HOUSTON (AP) — A boy who was snatched from his Houston home when he was 8-months-old and moved around Texas for eight years before he was found will be removed from foster care and reunited with his siblings, a judge ruled Wednesday.
State District Judge Mike Schneider ordered that 8-year-old Miguel Morin be placed in the custody of a couple caring for his four siblings, Juanita and Joseph Aguillard. Miguel has been in foster care since authorities found him at the Houston home of his former baby sitter's sister in March. Authorities say Miguel spent most of the time he was kidnapped in East and Central Texas.
Miguel's former baby sitter, Krystle Tanner, and her mother, Gloria Walker, have been charged with kidnapping and injury to a child in his 2004 disappearance. The women have pleaded not guilty and are jailed in San Augustine, about 140 miles northeast of Houston.
Estella Olguin, a spokeswoman for Child Protective Services in Houston, said the ultimate goal is for Miguel's parents, Auboni Champion-Morin and Fernando Morin, and the Aguillards have joint custody of him "so that Miguel can still have a relationship with his parents and stay with his siblings."
Miguel is expected to be reunited with his siblings by Friday after paperwork is completed, Olguin said. CPS and the boy's parents have declined to say why the Aguillards — friends of the family — have custody of the four other children, citing privacy issues.
Authorities say Tanner snatched Miguel from his home when he was a baby and, along with her mother, concealed the boy's true identity for years, moving him from one home to another to avoid detection. After Tanner's March arrest in the kidnapping, her sister called authorities to say Miguel was staying at her home in Houston.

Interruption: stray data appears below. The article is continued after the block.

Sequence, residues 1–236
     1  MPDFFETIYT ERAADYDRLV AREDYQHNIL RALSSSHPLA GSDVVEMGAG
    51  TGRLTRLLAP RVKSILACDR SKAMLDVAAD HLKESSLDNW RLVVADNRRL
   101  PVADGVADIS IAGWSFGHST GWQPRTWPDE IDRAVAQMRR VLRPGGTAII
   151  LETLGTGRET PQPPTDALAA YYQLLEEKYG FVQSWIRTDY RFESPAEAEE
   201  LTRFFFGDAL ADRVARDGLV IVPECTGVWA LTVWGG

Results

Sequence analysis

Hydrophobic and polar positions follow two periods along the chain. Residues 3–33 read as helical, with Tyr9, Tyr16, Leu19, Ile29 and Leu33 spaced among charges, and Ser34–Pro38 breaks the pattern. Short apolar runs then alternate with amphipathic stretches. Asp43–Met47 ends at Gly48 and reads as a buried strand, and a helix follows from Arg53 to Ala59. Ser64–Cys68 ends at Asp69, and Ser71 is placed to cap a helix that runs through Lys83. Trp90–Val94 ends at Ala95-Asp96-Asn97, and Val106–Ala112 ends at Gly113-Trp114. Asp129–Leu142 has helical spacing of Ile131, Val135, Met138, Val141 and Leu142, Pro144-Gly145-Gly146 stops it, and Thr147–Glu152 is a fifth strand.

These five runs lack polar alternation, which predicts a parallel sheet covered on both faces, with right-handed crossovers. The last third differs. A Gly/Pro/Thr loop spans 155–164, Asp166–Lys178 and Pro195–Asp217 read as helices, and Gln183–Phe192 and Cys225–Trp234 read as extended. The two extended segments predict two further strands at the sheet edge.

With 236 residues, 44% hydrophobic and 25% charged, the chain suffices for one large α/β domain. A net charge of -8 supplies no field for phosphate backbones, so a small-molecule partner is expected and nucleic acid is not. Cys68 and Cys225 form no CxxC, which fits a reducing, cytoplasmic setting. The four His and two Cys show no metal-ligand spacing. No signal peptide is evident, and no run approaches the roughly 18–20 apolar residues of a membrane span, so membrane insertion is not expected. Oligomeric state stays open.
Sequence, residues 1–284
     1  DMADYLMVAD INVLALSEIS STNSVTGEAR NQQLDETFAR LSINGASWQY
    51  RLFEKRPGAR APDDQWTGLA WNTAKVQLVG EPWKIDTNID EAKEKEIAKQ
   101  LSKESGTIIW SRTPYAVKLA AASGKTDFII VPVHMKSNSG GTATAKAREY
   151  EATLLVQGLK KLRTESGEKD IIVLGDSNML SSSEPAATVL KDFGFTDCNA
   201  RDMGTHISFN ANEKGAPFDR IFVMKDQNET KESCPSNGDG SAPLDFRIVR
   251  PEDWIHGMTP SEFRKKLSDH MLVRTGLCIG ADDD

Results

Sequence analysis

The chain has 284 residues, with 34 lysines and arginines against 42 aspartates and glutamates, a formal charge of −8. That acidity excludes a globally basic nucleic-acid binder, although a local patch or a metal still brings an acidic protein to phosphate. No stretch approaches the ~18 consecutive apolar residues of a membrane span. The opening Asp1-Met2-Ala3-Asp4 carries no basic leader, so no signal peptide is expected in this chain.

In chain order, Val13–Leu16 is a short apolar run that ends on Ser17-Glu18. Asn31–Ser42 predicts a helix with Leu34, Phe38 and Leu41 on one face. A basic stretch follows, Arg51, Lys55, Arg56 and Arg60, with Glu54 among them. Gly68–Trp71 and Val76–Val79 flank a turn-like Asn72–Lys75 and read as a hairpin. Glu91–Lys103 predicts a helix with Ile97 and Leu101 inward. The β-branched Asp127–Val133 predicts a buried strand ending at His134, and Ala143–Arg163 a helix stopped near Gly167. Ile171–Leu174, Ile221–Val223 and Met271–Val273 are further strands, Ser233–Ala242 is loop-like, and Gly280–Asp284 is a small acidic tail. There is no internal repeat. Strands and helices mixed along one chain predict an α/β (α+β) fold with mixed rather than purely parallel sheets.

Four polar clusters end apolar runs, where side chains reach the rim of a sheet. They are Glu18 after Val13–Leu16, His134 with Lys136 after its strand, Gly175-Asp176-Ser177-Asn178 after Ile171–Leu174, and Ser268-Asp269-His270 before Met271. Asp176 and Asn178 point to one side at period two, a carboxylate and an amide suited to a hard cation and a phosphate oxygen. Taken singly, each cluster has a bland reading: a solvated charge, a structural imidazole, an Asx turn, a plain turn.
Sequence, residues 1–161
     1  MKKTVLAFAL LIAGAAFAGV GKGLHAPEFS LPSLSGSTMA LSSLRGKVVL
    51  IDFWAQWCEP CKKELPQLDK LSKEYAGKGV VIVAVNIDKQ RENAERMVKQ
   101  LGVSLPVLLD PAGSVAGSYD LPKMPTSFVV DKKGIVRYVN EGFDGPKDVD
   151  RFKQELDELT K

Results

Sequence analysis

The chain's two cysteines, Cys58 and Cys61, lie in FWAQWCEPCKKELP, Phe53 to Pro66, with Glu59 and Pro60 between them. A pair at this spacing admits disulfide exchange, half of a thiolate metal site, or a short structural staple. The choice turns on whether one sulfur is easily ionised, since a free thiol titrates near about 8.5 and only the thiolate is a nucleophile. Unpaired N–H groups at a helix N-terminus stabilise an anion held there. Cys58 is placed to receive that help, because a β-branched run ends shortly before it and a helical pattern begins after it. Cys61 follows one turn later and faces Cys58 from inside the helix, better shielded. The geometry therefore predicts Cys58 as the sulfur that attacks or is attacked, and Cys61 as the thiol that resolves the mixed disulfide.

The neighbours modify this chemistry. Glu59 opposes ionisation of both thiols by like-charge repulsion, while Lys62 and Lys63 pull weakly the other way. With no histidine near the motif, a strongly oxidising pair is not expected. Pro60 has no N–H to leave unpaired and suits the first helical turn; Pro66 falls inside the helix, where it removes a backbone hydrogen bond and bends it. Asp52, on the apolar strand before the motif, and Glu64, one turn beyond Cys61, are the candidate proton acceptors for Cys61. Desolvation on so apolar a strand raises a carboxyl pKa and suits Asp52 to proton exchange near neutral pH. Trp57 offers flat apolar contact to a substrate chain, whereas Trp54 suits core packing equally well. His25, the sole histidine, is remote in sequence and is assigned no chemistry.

Miguel's parents will be allowed to visit the boy at the Aguillards' home and have requested that Miguel be allowed to visit them on weekends. CPS officials plan to see the Morins' home before deciding whether to approve the request for weekend visits.
Olguin said everyone involved will meet in mediation before the next court hearing in March to see if they can wrap up the matter.
She said Miguel, who had never gone to school and couldn't read or write when he was found by authorities, has caught up with other students in his second-grade class and is excelling in school.
"Considering his life has really changed as he knew it, he's doing really well," Olguin said.
William Thursland, a court appointed attorney for Miguel, said he wants to see how the boy adjusts to living with the Aguillards before determining what will ultimately happen in his case. But he said he's pleased with Miguel's progress so far.
"He's a very well-adjusted, happy guy," Thursland said. "I think it's gone as well as we could have hoped."
Miguel has been told about the true identity of his parents and his siblings, and he has been having weekly joint therapy sessions with his parents. He also has been visiting his siblings at the Aguillards' home and stayed with them during the Christmas holiday, Joseph Aguillard said.
"He bonded with his brothers and sisters from day one," Juanita Aguillard said. "He loves the family."
Miguel's parents, who live in Houston, said after Wednesday's hearing that they were pleased with the judge's decision.
"I'm happy with everything right now," Champion-Morin said.
Follow Juan A. Lozano on Twitter: www.twitter.com/juanlozano70 .